Great Expectations Not Always So Great


Expectations for March-quarter results are running high, with both sales and profits for the S&P 500 Index expected to grow at year-to-year rates not seen in more than five years. While improved growth is undeniably good news, the high expectations could lead to disappointment.

Have stocks rallied too far given the still-sluggish pace of U.S. economic growth, especially if the outlook for tax reform has dimmed somewhat? That's one question investors will be looking to answer by tracking March-quarter results. Below are three others.

Has the long-awaited, oft-predicted correction finally arrived? Earnings-reporting seasons are often the catalyst for pullbacks, and many observers say a 5% to 10% decline in the averages is overdue. The Dow Industrials have not suffered a 5% pullback since February 2016, and their latest dip retraced less than one-fifth of the advance since June.

Still, the averages have a funny way of not doing what most observers expect. A move above the March 1 all-time closing highs of 21,115.55 in the Industrials and 9,593.95 in the Transports would reconfirm the bullish primary trend. While that would not preclude a correction, we'd view a rebound to new highs as a bullish near-term development — especially if broad market measures like the S&P 1500 advance-decline line also rebound to new highs.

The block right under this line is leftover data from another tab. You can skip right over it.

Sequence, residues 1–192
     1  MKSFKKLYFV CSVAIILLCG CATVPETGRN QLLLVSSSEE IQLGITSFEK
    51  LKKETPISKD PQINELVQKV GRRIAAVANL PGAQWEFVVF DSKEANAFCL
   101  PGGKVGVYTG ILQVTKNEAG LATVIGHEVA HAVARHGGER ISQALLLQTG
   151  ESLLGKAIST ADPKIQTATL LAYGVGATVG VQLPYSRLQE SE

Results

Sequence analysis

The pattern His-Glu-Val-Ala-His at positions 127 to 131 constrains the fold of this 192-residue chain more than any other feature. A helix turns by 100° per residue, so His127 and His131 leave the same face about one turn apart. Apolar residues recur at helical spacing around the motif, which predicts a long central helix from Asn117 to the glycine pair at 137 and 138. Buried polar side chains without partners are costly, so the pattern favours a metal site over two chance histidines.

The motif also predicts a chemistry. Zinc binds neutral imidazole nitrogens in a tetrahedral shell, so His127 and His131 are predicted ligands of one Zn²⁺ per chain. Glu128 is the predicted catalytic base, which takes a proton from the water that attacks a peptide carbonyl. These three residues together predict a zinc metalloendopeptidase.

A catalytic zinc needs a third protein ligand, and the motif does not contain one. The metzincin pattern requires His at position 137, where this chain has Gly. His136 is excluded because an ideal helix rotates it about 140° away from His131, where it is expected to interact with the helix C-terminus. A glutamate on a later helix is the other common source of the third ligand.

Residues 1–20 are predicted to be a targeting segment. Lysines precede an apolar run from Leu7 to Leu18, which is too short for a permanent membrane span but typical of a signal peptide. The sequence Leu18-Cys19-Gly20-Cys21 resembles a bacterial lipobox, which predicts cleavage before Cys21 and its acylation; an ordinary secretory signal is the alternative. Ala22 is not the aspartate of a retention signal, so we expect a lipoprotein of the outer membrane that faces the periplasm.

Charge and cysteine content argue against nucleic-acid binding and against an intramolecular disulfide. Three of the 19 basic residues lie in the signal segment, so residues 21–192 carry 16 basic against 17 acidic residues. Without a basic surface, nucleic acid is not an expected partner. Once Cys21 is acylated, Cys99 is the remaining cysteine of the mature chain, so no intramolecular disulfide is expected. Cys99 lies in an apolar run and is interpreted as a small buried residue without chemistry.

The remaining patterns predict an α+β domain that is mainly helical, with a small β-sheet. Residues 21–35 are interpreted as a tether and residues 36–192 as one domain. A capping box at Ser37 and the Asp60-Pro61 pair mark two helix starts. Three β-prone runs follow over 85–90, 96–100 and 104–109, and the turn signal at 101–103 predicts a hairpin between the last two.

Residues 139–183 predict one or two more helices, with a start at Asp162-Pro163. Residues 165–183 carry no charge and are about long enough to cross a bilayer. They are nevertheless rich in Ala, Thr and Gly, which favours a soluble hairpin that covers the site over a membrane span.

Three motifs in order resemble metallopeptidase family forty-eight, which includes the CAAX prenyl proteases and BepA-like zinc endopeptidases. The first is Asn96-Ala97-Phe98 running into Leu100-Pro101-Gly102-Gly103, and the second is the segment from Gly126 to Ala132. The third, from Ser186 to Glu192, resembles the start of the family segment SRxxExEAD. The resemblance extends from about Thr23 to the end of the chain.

Which sectors are poised to outperform? The "reflation" plays that led the market after the election — expected to benefit from faster economic growth and higher inflation and interest rates — have given way to new leadership. Technology and other growth stocks have led in recent trading, but March-quarter results could trigger more sector rotation. We'll be paying particular attention to the financials, as several big-name banks report in the first two weeks of earnings season.

What should I do with my portfolio? Focus on finding attractively valued shares of growing companies — not on big-picture themes like Trump plays versus growth stocks. Don't be afraid to buy stocks that have rallied on good earnings news. For now, our buy lists have more than 96% in stocks.

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